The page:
Henderson's influence travelled far wider than Scotland. He fed songs, disquisition, and polemic into the international folk scene. He took up political argument through his poems and songs, on issues to do with land ownership and access, anti-Polaris missile, the Campaign for Nuclear Disarmament, and the anti-apartheid struggle. Among Henderson's other work are: Ballads of World War II (1947), The Ballad of the Men of Knoydart, Freedom Come-All-Ye (1960), and Prison Letters of Antonio Gramsci (1974, 1988, 1996).
Hamish Henderson died in Edinburgh in a nursing home, after a stroke, on 8 March 2002.
Michael Sharp was educated at universities in Britain and the United States. His Ph.D is from the University of Wisconsin-Madison. Professor Sharp has taught in Scotland, Greece, Portugal, Nigeria, and at the universities of Binghamton, Harvard, and Wisconsin. He has been a Teaching Fellow in the International School of Theory in the Humanities at the University of Santiago de Compostela in Spain. Trained as a Romanticist and in the Literature and Ideas of the nineteenth century, Michael Sharp teaches in the University of Puerto Rico's Department of English where he is active in both the English M.A. and Caribbean PhD programs. His research focuses on the poetry of Anglophone Africa and the Caribbean diaspora. Michael Sharp's poetry has been published on both sides of the Atlantic. Sharp, Michael: "War pipes in Africa: the elegies of Hamish Henderson: London Magazine, April/May, 1983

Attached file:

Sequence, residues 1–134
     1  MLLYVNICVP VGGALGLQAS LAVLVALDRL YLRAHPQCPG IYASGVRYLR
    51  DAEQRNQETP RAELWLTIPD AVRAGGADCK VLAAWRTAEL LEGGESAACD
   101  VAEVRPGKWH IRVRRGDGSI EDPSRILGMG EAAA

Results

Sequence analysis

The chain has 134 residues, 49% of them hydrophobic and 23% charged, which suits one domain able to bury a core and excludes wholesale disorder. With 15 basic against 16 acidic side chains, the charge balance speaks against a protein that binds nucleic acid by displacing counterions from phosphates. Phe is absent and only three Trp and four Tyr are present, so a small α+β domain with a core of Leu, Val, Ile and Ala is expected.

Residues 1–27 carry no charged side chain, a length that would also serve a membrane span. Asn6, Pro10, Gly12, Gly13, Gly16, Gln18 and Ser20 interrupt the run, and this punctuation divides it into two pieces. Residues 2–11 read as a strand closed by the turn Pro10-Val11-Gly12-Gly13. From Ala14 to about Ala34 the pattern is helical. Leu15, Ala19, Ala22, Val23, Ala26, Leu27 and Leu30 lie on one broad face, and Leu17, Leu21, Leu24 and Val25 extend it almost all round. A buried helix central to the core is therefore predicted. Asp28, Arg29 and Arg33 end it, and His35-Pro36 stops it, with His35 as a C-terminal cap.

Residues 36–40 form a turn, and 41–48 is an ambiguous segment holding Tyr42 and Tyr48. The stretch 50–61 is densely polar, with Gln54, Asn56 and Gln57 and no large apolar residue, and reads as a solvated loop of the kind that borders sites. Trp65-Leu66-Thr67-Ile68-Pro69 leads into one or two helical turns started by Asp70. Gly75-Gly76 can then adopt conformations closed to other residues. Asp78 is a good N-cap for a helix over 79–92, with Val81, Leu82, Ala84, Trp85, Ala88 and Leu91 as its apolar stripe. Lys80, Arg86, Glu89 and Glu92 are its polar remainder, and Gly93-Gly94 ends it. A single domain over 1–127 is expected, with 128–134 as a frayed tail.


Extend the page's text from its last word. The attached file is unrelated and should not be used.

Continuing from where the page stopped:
Sharp's publications include War pipes in Africa: the elegies of Hamish Henderson which appeared in the 'London magazine', April/May, 1983.
Immediate Source of Acquisition
- Hamish Henderson Archive Trust
- Henderson, Hamish Scott, 1919-2002 (folklorist, poet, songwriter, soldier, intellectual)
- Scots language
- Scottish literature | 20th century
- Scottish poetry -- 20th century
- Sharp, Michael, b 1947 (poet; teacher at University of Puerto Rico)
- Language of description
- Script of description
- Code for undetermined script